Perched on the Precipice

Tucsonan Joy Williams approaches the subject of death in her new collection of stories

If Joy Williams' publisher made cigarettes instead of story collections, it would need to slap a consumer warning on Honored Guest. Not since Mark Richard's The Ice at the Bottom of the World has the inhalation of narrative felt so much like a narcotic--alluring precisely because it is toxic. And Williams is so good, she merely has to wave her characters' melancholia under our noses, and we crave more.

For 10 years, Williams held her fans in abeyance, only to emerge in 2000 with an eviscerating novel, The Quick and the Dead. She followed with a collection of essays on the environment, Ill Nature. Honored Guest is the third in this flurry of publications, and it vibrates with a similar anxiety over sickness and death--emotional, psychological, physical and environmental. The book is littered with needles and unguents, abused over-the-counter drugs and dogs that are neglected. Animal lovers will find this book deeply upsetting.

This preoccupation with death is not a new one for Williams--it animated her 1982 collection, Taking Care--but in this new volume, it has sandblasted her prose to a smooth new strangeness reminiscent of Paul Bowles' best work. In the title story, a dying woman and her daughter lock horns. Bloated and ill, a stranger even to her own dog, the woman feels as if she is disappearing. "An honored guest," she says aloud at one point. "To live was like being an honored guest. ... Then you were no longer an honored guest."

There is a cackling kind of humor to Williams' vision of existence. We are, and then we're not. Death therefore isn't always hoary or tear-inducing; it just marks the end and can nearly be domesticated (intellectually). "At the beginning," thinks one of the characters in Honored Guest, "death was giving them the opportunity to be interesting. This was something special. There was only one crack at this. But then they lost sight of it somehow. It became a lesser thing, more terrible. Its meaning crumbled. They began to wait for it. Terrible, terrible."

And yet, even as they accept it, something about this barrier to the world beyond--or the nothingness beyond--addles and irks Williams' characters. They run toward it, are seduced by it. Like Jeff Bridges' character in the 1993 Peter Weir film Fearless, their encounters with death make them all the more isolated from people around them. And Williams' genius is to re-create the cracked-porcelain quality to this quality of aloneness.

A terrific writer about the natural world, Williams uses nature metaphorically. For example, in a telling aside, the narrator of "Ack" describes the shaky grip he continues to have on things after a breakdown. "I had some rough years before Pauline," he says. "I might as well have been stumbling about in one of those great whiteouts that occur in the far north where it is impossible to distinguish between a small object nearby and a large object a long way off. In whiteouts there is no certainty and every instinct is betrayed--even the birds fly into the ground."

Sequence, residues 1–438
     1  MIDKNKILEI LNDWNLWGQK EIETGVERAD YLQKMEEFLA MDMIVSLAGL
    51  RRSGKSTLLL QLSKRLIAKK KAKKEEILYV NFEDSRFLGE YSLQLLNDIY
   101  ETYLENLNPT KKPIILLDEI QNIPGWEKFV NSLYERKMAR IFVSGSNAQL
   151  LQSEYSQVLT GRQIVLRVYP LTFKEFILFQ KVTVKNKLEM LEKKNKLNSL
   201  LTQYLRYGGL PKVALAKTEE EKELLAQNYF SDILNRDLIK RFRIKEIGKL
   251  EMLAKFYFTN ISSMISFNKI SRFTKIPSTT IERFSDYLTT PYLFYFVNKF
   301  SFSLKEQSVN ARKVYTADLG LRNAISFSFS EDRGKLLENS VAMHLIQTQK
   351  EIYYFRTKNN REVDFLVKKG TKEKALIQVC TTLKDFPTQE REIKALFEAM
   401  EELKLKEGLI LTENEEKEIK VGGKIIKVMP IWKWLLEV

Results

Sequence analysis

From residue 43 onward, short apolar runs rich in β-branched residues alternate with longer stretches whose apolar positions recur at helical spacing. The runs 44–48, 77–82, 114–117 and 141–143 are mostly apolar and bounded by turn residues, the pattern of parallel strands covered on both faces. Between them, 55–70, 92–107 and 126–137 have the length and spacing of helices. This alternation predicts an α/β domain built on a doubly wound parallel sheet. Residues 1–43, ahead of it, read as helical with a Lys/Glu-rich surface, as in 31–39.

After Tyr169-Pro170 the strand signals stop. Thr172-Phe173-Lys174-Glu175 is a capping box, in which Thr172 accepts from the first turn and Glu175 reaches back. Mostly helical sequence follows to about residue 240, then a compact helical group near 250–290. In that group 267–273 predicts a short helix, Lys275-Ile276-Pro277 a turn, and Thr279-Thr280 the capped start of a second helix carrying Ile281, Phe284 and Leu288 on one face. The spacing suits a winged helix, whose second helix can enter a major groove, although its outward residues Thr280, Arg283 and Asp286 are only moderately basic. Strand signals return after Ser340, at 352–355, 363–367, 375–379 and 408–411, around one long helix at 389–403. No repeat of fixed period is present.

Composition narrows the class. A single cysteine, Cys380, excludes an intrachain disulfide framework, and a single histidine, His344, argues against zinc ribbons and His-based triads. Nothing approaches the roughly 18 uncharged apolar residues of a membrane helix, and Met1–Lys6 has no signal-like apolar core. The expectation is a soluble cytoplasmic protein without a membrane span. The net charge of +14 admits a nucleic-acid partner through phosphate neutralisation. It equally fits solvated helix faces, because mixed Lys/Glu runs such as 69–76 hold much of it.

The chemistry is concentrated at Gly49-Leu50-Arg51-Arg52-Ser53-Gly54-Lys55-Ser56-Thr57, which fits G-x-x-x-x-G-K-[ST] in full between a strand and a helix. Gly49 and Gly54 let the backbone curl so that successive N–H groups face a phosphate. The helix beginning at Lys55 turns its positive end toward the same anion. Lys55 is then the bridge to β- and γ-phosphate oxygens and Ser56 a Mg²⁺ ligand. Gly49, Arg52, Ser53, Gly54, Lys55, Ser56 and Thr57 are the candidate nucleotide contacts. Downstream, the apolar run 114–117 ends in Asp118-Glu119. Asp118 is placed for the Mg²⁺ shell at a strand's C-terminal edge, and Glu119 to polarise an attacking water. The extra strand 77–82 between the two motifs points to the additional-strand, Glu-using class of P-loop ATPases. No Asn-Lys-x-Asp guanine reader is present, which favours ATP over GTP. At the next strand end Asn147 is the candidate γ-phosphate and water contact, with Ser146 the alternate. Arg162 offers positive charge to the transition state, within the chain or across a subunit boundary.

As one might gather, a collection like this has few hallmark moments. When characters speak, they do not converse; instead, their comments dip and glance off one another. It's as if they're speaking to themselves. As in the dialogue of Richard Yates' terrific novels, no one ever says exactly what they mean, and because of that, they sound exactly how people actually speak.

It takes a brisk sensibility to enjoy these stories. In one story, a group of young people rob and terrify a mother trying to throw a wake for her recently deceased son. In "Charity," a similarly well-intentioned act of good will goes horribly awry when a woman tries to pick up some gypsies by the roadside.

Were Honored Guest the work of a younger writer, it might have embraced the voluptuousness of self-destruction--its hilarity, too. But the stakes are high for Williams' characters. They reach out to one another desperately, and time and again, they fail to connect. All the while, they feel that big clock in the sky tick-tocking behind them. As the narrator of "The Other Week" says to a man not her husband, "It's what I always think when I see cows grazing in the fields or standing in those pleasant streams ... that they have a very nice life until they don't."

With these bleak and boldly singular stories, Williams maps the emotional lives of men and women perched on that precipice between living and oblivion. We finish them hurriedly to find out which direction they choose.